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Lab Leaks, Pandemics, and a World at Risk
This item is a preorder. Your payment method will be charged immediately, and the product is expected to ship on or around April 25, 2023. This date is subject to change due to shipping delays beyond our control.
This fearless, deeply reported book about laboratory accidents asks the haunting question some elite scientists don’t want the public to entertain: Did the COVID-19 pandemic start with a lab leak in Wuhan, China?
This is an obvious question. Yet there’s been an extraordinary effort by government officials in China, as well as leading scientific experts in the United States and around the world, to shut down any investigation or discussion of the lab leak theory. In private, however, some of the world’s elite scientists have seen a lab accident as a very real and horrifying possibility. They know what the public doesn’t. Lab accidents happen with shocking frequency. Even at the world’s best-run labs.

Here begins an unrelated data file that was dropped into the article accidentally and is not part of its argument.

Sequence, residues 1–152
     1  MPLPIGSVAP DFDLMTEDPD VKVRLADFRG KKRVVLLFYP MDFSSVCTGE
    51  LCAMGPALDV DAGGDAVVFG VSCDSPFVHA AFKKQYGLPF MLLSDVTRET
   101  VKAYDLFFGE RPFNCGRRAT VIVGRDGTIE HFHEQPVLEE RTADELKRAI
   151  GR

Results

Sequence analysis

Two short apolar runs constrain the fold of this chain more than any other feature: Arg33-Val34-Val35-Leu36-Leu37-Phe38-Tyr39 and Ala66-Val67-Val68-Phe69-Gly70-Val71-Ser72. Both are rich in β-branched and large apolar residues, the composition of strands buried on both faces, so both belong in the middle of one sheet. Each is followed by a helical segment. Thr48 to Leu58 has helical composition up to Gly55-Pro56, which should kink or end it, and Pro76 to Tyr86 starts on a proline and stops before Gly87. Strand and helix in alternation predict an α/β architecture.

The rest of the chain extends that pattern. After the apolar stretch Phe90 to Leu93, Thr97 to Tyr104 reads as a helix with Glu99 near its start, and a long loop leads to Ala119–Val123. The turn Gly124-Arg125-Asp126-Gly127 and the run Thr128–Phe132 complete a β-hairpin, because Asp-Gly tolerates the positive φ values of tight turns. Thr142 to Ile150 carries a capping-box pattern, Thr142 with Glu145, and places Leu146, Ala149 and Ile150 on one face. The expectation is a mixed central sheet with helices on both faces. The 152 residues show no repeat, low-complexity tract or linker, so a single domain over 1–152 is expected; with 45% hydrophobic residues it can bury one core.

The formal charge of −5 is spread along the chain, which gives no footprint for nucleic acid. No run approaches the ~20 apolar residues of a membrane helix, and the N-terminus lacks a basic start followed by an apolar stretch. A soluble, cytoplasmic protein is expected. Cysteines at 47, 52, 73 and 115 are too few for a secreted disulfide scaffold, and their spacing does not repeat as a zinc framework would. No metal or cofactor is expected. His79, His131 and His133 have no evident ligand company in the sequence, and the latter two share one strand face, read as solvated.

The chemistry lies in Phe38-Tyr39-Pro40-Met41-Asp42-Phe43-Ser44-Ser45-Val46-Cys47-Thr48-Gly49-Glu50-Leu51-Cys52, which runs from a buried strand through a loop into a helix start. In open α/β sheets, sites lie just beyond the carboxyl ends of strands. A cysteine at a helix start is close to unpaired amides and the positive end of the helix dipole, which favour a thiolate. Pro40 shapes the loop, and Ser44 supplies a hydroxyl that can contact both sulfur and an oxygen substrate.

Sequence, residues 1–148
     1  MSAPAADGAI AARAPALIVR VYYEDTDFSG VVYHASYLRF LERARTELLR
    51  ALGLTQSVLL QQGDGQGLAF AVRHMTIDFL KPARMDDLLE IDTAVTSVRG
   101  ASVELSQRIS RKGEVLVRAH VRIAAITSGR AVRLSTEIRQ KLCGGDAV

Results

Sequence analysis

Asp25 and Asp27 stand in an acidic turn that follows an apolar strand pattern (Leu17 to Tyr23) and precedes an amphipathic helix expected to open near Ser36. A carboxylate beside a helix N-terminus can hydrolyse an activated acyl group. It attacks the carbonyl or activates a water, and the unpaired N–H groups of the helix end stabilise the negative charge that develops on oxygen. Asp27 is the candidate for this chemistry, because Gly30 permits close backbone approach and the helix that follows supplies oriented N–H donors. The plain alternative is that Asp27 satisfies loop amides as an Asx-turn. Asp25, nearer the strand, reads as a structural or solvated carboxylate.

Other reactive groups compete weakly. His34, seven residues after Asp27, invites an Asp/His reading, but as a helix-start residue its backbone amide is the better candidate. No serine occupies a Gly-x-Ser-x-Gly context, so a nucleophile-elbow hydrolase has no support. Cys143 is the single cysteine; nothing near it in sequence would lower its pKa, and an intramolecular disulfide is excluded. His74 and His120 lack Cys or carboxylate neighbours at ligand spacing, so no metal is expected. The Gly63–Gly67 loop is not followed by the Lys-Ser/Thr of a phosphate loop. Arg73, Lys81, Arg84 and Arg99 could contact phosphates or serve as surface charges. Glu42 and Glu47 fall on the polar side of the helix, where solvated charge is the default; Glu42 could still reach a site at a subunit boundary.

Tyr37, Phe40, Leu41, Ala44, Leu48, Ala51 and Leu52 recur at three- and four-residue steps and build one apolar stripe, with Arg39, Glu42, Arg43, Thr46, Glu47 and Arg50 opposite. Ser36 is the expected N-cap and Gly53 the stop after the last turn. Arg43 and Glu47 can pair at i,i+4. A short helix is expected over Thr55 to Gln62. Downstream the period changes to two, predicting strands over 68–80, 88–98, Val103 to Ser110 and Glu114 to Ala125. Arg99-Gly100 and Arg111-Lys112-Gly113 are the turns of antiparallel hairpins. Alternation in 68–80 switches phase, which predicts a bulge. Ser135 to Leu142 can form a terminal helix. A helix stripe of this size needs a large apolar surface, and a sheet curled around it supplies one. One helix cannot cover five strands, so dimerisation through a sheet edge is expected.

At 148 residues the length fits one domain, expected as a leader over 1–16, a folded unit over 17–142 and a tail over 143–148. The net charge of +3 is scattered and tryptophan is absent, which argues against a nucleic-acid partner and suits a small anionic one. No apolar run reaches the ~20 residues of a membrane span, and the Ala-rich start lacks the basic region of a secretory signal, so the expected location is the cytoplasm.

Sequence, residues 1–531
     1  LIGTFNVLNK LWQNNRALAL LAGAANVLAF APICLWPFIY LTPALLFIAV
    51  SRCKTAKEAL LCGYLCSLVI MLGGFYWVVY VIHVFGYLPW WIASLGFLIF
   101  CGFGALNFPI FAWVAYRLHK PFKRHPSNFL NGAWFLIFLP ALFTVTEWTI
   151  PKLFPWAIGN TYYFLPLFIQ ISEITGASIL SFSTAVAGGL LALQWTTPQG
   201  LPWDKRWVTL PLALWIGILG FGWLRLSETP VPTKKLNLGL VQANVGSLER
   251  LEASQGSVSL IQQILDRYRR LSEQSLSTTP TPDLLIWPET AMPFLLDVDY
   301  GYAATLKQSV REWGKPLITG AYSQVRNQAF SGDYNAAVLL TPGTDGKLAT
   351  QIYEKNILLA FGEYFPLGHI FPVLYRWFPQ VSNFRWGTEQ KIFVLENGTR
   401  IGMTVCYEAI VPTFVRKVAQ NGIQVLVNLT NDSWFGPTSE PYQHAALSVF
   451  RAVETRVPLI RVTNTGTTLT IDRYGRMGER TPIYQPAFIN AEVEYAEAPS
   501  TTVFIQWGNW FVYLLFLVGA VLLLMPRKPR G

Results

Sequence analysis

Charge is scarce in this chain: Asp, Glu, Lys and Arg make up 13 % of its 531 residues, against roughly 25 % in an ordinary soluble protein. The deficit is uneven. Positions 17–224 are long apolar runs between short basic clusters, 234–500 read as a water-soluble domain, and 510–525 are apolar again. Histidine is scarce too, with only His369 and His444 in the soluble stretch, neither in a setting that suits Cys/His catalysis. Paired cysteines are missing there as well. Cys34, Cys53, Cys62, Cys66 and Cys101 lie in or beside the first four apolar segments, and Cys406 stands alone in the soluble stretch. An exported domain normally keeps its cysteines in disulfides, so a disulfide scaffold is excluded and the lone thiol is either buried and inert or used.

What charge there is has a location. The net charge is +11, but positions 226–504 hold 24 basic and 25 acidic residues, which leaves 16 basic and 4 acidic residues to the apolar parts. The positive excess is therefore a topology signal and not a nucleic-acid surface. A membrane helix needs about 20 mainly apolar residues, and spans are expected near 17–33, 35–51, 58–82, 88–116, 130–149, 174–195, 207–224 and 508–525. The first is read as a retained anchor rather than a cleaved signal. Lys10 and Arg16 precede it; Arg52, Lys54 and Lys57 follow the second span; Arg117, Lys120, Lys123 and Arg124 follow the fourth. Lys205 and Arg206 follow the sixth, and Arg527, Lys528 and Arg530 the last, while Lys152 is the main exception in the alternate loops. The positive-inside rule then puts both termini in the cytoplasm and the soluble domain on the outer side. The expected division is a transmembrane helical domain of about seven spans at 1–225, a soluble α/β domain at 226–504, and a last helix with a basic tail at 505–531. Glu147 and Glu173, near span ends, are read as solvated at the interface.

That’s among the revelations from Alison Young, the award-winning investigative reporter who has spent nearly 15 years uncovering shocking safety breaches at prestigious U.S. laboratories for USA Today and other respected news outlets.
In Pandora’s Gamble, Young goes deep into the troubling history — and enormous risks — of leaks and accidents at scientific labs. She takes readers on a riveting journey around the world to some of the worst lab mishaps in history, including the largely unknown stories of the lab workers at the U.S. Army’s Camp Detrick who suffered devastating infections at alarming rates during World War II. And her groundbreaking reporting exposes for the first time disturbing new details about recent accidents at prestigious laboratories – and the alarming gaps in government oversight that put all of us at risk.
Sourced through meticulous reporting and exclusive interviews with key players including Dr. Anthony Fauci, former CDC Director Tom Frieden and others, Young’s examination reveals that the only thing rare about lab accidents is the public rarely finds out about them. Because when accidents happen, powerful people and institutions often work hard to keep the information secret.